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Greetings forum member (or would-be forum member)! This day was announced months ago and has been long in coming, but it is - sadly - here at last. The John Connolly discussion forum will be shutting down for good on Friday, February 24, 2012. Please join John's Facebook page at http://www.facebook.com/pages/John-Connolly/100276323350855 and feel free to start new discussions there, or find John on Twitter at @jconnollybooks. Thanks for your participation, friendship and support.
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Author Topic: Do writers' lives creep into their books?  (Read 17364 times)
Mark PL
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« Reply #15 on: April 09, 2011, 10:49:00 PM »

My family has a history of dementia/Alzheimer's.  It is a particularly cruel affliction. Sorry for all who have to endure the results.

To go back to the original question, I'd say all good writers put themselves and their lives into their work, whether they know it consciously or not. The most blatantly autobiographical works tend to be their first novels, after that everything's sorta hidden a little bit more carefully. But the themes for the rest of the writer's publishing life are often evident in the first book, even if only in embryonic fashion.
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Mark PL
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« Reply #16 on: April 09, 2011, 10:52:37 PM »

Oh, and I'd suggest Terry Pratchett was writing about Alzheimer's before he knew he had it. His book Nation would seem to suggest that he had a clue something was wrong long before any visible sign of it. Allegorically, at least.
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Heidi
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« Reply #17 on: April 17, 2011, 08:00:24 PM »

It's funny you should mention that about Prachett, Mark (and apols for not quoting the comment from a few days back; cannot do so from phone). I've not read Nation yet, though I got it for one of my son's for Christmas, as he mentioned wanting to chose it for read aloud at dinner when his turn came round.

I was, however, listening to the audio of Carpe Jugulum I shamelessly nicked from a friend, and I ran across several references to memory/memory loss that struck me as weirdly prophetic, given the circumstances.

I know Nation's been out awhile and CJ a good deal longer. So do you think he somehow knew, or are we perhaps cross-referencing his words in light of what we now know?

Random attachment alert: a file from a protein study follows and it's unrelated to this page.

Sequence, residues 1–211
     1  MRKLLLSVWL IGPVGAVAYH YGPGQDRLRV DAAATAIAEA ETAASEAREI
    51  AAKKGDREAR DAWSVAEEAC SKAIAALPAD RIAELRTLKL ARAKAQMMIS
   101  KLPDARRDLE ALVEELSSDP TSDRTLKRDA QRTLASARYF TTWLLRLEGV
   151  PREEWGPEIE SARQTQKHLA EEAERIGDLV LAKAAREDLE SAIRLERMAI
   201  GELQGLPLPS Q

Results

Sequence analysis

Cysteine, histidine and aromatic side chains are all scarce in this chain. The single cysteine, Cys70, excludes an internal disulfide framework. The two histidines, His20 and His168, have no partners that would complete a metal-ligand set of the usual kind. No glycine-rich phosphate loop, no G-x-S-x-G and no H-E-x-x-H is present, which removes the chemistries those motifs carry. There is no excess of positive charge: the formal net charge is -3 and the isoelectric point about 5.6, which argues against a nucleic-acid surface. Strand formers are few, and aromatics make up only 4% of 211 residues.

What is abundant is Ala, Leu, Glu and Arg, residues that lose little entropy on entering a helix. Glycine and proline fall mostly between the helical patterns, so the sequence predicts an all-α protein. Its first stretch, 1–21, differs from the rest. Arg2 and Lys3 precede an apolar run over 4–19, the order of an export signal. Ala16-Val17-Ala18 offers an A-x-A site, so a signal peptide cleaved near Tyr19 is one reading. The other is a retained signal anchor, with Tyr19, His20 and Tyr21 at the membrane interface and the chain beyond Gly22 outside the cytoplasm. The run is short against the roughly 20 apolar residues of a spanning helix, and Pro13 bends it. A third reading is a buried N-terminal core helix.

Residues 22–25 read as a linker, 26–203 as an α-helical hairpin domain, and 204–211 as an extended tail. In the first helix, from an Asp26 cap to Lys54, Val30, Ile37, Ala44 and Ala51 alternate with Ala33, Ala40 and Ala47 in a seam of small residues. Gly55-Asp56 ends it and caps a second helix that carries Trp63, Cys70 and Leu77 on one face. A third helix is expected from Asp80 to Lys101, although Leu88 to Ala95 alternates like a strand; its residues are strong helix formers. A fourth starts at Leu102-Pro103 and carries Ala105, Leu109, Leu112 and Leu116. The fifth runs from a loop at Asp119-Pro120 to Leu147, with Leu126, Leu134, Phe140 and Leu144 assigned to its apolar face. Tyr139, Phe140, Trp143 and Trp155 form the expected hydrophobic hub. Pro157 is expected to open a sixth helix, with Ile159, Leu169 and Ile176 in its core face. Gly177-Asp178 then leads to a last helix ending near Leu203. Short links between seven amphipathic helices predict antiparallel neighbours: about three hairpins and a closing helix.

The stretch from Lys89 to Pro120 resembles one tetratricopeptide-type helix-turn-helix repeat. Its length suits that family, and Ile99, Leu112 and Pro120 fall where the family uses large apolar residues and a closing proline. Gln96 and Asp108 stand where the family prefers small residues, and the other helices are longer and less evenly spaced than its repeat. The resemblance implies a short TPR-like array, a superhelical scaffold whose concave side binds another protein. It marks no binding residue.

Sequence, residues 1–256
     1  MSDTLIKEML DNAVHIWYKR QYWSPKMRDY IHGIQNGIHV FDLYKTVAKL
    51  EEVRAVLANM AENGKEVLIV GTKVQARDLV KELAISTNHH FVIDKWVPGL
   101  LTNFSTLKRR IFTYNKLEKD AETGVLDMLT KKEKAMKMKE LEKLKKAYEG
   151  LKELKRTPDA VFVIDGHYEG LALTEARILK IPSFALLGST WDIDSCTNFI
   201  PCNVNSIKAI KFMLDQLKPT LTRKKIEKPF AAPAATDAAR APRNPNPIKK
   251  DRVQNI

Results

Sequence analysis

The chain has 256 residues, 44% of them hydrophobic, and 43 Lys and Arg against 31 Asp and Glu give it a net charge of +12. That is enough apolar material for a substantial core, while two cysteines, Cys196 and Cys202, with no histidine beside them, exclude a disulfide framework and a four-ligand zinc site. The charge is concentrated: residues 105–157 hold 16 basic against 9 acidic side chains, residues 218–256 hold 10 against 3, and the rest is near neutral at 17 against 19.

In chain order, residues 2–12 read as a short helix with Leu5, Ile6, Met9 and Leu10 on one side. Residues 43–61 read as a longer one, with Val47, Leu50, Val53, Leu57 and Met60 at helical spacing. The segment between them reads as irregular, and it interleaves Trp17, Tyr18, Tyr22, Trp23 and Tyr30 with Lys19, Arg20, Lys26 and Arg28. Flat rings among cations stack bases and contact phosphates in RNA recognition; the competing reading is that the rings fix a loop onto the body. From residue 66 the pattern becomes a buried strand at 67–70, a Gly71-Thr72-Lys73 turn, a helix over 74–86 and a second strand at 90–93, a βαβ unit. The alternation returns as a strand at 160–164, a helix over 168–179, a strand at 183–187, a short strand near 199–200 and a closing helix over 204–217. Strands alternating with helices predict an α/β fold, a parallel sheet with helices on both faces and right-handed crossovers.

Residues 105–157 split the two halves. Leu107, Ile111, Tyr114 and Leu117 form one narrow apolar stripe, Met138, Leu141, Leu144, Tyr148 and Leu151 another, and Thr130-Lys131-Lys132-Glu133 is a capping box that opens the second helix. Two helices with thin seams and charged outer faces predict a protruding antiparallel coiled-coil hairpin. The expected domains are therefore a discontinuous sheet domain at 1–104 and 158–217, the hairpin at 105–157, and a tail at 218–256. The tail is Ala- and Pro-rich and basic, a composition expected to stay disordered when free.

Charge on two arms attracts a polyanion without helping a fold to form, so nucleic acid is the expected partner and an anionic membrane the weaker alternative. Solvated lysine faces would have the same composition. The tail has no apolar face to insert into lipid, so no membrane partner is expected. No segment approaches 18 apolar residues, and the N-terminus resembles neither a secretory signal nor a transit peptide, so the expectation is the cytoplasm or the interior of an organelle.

I know you said you've family who have gone through dementia, and I'm so sorry. I also know, though, that because of that, you probably have a greater insight into just how much earlier a person may notice symptoms, albeit in a half conscious sort of way. I do wish that you didn't have that insight, though. :-/
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Mark PL
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« Reply #18 on: April 18, 2011, 08:50:50 AM »

From my own painful little attempts at scribbling I've found that I tend to write about things without knowing I'm writing about them. I also know it's easy to imbue such things with more meaning than they deserve, very much after the fact. But what's been sailing the seas of the subconscious often gets washed ashore on the arid shores of my prose.
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Heidi
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« Reply #19 on: April 21, 2011, 07:31:24 AM »

From my own painful little attempts at scribbling I've found that I tend to write about things without knowing I'm writing about them. I also know it's easy to imbue such things with more meaning than they deserve, very much after the fact. But what's been sailing the seas of the subconscious often gets washed ashore on the arid shores of my prose.

I'd have to agree with you there, Mark. When I was plowing through my longest work to date, I had several times that I just stopped writing, rather amazed that I'd discussed such things (politics, religion, relationships--you name it).  It's kind of an odd sensation to meet yourself through imaginary characters, is it not?
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Mark PL
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« Reply #20 on: May 02, 2011, 08:23:38 AM »

Ah, well. Mirrors do the same thing to me now. I wonder who the hell that is, then realise it's me. Then I wonder how the hell that happened.